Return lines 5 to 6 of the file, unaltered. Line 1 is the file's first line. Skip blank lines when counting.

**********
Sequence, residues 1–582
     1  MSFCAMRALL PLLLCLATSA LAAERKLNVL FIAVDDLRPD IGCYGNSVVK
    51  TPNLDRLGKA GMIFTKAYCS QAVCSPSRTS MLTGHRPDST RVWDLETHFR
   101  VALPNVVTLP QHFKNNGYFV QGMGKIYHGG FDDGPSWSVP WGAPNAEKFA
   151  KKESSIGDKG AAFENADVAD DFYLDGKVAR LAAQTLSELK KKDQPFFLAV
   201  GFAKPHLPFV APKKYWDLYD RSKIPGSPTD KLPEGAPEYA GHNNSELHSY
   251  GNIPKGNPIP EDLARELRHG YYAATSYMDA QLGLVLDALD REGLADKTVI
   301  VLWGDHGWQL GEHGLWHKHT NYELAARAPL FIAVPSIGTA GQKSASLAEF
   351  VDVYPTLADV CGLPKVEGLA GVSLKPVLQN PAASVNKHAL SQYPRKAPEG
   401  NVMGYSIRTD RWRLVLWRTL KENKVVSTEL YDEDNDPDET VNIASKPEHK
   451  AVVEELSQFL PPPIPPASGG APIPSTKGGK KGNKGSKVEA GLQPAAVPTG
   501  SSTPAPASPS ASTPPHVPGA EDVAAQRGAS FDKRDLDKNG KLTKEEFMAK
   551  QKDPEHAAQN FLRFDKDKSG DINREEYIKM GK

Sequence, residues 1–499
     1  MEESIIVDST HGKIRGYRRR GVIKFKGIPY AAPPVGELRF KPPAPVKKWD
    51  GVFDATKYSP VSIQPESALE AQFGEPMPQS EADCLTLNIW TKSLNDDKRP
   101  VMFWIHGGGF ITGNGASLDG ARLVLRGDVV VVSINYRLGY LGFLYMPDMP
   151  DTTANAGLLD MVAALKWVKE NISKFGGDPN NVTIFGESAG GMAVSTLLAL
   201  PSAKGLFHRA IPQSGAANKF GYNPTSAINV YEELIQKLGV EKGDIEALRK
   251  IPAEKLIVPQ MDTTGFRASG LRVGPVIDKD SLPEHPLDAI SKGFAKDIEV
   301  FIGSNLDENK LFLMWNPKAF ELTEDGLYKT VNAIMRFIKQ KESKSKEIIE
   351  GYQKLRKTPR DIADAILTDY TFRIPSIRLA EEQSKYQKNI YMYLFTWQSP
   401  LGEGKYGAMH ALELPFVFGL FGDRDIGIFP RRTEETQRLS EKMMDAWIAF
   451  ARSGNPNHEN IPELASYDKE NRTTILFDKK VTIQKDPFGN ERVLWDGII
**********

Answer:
   151  KKESSIGDKG AAFENADVAD DFYLDGKVAR LAAQTLSELK KKDQPFFLAV
   201  GFAKPHLPFV APKKYWDLYD RSKIPGSPTD KLPEGAPEYA GHNNSELHSY